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October 17, 2018

Advocating for Paul and Protecting Peter

As we ease towards winter and a full up-and-running provincial government, what can we expect?   Make no mistake; Ontario is fast becoming a defensive environment for people with lived experience in Ontario.  Just look at some of the symbolic action steps that the Progressive Conservatives have touted in its recent legislative session that happened this summer.

Directly impacting those PWLE are consumer/survivors who rely on social assistance.  The fall increases for Ontario Works and ODSP recipients have been cut in half to 1.5%.  As well, the Children, Social and Community Services Minister announced the cancellation of the Basic Income Pilot Project.  More ominously, that same press release talks up “the cycle of poverty”, that the province is headed in the wrong direction, and that “getting people back on track” is the “right thing to do”.

Those of us following the Liberals’ Anti-Poverty Strategy have been mostly supportive of the slow but steady progress in the last few years to first acknowledge the importance of the social determinants of health, and then to begin acting on it.  Openly acknowledging the importance of social assistance and housing, as well as experimenting with a Basic Income research project to see if giving people more net income and fewer rules could spur self-determination were positive signs.  For persons who were working on their recovery journeys, hope was growing.

Now is a time of renewed vigilance and skepticism.  With an administration that claims to be “for the people” watching for tax dollars, the mixed message of increased mental health and addictions investments must not be taken at face value, because it may well be that only more cuts to the social determinants of health can pay for those new ledger entries.   Moreover, through the grapevine, we understand that the wholesale reform of social welfare in 100 days as promised is happening without the formal stakeholder consultation as in the past.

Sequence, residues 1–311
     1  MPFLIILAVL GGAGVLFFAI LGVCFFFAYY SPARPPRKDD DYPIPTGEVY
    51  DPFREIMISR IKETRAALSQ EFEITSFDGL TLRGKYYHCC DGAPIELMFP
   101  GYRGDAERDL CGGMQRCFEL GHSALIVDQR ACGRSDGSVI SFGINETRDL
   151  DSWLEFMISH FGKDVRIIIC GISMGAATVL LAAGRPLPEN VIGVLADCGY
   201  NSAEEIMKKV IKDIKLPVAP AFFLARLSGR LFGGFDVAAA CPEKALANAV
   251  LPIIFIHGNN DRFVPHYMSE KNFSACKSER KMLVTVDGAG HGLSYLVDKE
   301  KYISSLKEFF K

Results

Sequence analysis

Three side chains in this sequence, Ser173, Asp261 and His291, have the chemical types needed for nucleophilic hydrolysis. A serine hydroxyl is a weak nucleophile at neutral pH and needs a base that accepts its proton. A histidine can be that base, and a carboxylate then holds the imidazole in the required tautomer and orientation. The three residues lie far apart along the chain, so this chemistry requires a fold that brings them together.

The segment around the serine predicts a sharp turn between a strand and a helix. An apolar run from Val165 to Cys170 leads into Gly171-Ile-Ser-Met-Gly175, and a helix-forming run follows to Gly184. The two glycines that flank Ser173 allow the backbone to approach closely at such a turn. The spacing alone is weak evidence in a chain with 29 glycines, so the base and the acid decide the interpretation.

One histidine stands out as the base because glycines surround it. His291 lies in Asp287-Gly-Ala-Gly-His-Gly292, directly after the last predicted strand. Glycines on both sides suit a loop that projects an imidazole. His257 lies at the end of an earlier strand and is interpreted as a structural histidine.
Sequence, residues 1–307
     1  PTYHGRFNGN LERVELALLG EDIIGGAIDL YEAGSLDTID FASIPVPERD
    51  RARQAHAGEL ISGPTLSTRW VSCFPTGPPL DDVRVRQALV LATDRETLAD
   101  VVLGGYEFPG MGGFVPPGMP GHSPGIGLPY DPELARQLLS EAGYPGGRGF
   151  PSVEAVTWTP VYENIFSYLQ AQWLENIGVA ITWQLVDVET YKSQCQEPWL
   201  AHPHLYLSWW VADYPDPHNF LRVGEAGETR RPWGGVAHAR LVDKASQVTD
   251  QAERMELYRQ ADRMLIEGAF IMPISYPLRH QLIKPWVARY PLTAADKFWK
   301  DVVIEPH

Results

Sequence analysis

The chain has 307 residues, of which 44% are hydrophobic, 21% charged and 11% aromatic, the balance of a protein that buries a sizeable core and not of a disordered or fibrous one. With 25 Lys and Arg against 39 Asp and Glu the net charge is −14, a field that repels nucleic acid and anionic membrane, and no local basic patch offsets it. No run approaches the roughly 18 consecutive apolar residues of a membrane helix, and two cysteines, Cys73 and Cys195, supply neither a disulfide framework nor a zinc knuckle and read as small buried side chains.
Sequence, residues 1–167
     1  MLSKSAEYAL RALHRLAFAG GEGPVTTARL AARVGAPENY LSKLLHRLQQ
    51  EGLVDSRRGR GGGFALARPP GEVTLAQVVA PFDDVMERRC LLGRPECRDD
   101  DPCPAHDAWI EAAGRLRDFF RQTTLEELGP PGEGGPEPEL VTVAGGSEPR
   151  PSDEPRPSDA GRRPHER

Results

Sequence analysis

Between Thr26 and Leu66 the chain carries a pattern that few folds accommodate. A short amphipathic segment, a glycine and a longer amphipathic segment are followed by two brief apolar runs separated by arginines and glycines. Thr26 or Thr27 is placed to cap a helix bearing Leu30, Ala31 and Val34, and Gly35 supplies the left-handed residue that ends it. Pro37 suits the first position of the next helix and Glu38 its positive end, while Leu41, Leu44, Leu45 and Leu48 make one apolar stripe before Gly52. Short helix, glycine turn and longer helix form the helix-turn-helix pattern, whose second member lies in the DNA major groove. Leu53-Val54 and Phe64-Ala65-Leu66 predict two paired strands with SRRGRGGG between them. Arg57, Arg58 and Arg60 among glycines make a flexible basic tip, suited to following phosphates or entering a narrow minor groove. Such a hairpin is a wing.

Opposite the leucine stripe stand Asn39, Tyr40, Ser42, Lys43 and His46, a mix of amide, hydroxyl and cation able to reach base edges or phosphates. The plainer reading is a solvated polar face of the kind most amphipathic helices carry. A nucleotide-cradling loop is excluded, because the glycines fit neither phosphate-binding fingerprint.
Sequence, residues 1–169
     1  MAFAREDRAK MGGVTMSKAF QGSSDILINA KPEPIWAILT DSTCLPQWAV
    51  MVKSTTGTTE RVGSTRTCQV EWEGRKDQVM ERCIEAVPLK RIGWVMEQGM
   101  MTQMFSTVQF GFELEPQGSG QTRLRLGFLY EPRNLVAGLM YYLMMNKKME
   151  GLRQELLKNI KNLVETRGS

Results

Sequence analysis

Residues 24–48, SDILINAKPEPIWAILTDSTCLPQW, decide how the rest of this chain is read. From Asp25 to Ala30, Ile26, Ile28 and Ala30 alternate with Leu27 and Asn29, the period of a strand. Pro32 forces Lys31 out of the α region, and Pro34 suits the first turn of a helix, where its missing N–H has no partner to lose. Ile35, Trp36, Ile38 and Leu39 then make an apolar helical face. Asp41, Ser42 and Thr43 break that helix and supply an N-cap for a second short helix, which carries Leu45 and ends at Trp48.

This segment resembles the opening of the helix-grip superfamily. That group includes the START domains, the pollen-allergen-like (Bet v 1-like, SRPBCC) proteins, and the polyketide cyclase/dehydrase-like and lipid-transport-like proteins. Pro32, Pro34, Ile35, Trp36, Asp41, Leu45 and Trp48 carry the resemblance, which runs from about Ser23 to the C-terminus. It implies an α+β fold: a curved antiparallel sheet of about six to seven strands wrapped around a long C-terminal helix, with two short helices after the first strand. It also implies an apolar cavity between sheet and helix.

What could this mean?  It may be that the cheery message of new mental health and addictions investments that service organizations usually herald as breakthroughs and positive solutions to wait lists will be muted.  Against a backdrop of the struggle to survive with fixed incomes that is insufficient to deal with rising shelter, food and transportation costs, let along budget for discretionary expenses with an eye for a hopeful future, people are only going to be stressed out, waiting in uncertainty.

That is why it is essential that the mental health and addictions sector must speak and work together in a unified voice on behalf of the people it serves, not just employs.  It would be nothing less than cynical to accept ‘’new funding” in good faith if it came out of the pockets of those who had little to begin with.  Robbing Peter (PWLE) to make Paul (the community mental health sector) a little better off does us no good.  The Ontario Legislature has resumed its work; let’s take this message to all politicians and share it far and wide.


This narrative is written by Raymond Cheng, a staff member of OPDI.  It is an opinion piece and does not necessarily represent the voice of the Board, staff, or members of the organization, nor of the funder, the Ministry of Health and Long-Term Care.  It is written for public awareness of issues and to create discussion amongst our membership.

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